THEO PANAYIDES meets a renowned musician, only to find an engrossed and emotionally naked performer who suffers from stage fright despite having spent his entire life on stage
Alessandro Deljavan has a cold. Or not quite a cold, just a cough, but it feels like it could be “the beginning of something big”, as he says in his hesitant English. It’s not surprising since he’s come straight from China (where it was snowing) to much-balmier Cyprus for a piano recital at the Shoe Factory in Nicosia, presented by the Pharos Arts Foundation. Before that he was in Montpelier, playing the Goldberg Variations, and before that in India (Hyderabad, to be precise) in early January; he leaves the Friday after our interview, back to his native Italy where he has to teach for a couple of days – then on to the US (“near Cleveland”) next Thursday, followed by another gig in Brussels on March 3. It’s a life that would test the health of the hardiest pianist.
There’s an added complication, in that Alessandro dreads performing. “Worried. All the time,” he admits, when I ask how he feels before a recital. Seats have been reserved for tonight’s event at the Shoe Factory by assorted VIPs, including various ambassadors and a former President of the Republic, but in fact it makes no difference who’s in the audience, or even how many. In China he was playing to full houses, hundreds or thousands of people – but it doesn’t matter if it’s two or 2,000, he’s still scared. “Scared of everything, really. This is my relationship with music, a little bit.”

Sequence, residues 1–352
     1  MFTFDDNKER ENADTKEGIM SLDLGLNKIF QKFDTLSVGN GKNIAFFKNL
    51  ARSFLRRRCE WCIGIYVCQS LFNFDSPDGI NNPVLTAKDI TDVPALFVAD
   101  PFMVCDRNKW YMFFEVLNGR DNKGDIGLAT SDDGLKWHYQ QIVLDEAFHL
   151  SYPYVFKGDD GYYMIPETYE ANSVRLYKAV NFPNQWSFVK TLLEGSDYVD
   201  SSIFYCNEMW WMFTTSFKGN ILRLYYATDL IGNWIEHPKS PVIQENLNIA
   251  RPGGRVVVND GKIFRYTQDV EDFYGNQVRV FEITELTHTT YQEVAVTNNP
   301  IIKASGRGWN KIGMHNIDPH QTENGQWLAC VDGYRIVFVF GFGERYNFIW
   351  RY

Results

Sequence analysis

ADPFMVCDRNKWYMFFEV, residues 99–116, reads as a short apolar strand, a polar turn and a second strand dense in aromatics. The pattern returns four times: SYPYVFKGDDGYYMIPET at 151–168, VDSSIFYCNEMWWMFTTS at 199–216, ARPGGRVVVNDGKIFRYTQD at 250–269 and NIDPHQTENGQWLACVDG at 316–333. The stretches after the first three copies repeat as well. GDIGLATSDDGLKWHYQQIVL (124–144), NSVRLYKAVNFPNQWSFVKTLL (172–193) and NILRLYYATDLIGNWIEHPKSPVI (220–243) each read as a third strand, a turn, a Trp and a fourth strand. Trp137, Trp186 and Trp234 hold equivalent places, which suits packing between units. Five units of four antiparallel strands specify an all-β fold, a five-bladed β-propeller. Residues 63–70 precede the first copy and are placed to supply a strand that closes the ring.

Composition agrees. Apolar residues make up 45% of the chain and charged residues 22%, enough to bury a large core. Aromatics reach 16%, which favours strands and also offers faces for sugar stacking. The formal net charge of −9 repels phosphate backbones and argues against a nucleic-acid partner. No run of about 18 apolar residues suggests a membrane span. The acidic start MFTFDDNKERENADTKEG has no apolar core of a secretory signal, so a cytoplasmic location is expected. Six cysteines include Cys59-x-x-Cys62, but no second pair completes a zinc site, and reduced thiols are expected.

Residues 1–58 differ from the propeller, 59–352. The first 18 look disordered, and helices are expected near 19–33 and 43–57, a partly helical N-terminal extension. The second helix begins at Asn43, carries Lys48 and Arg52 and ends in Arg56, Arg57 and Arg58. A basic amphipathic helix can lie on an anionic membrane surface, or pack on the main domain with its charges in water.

It seems odd that he suffers from stage fright; after all, as he puts it, “I started playing the piano before I started speaking”. Alessandro gave his first public performance – an end-of-year show at his music school – at the age of three, and his first recital (where people actually paid to hear him play) at the age of nine! There’s more pressure now, of course; a cute little boy can make the occasional mistake at the piano, a world-famous pianist who’s recorded over 40 albums cannot. Still, you’d think he’d be used to the life after all these years.
I may have caught him on a bad day – though it should be noted that he doesn’t seem grumpy. Some of what he says might appear bad-tempered on paper, but in fact he’s a wonderful interview: warm, low-key, soulful. His voice drops to a conspiratorial whisper, as if sharing confidences with a new friend. He laughs a lot, the conversation ranging from Inter Milan (his favourite team, currently third in Serie A) to the “lucky underwear” which he nowadays tries not to wear while performing, “because I have to be strong myself, without the help of the underwear”. Garo Keheyan, the redoubtable president of Pharos, has meanwhile intervened, steering his guest in the direction of a pile of herbal teas, one of them helpfully labelled ‘Organic Tea Against Cough’. Alessandro takes little sips of the yellow tea, talking of Mozart, Beethoven and less exalted things: “Do you have Masterchef in Cyprus?”.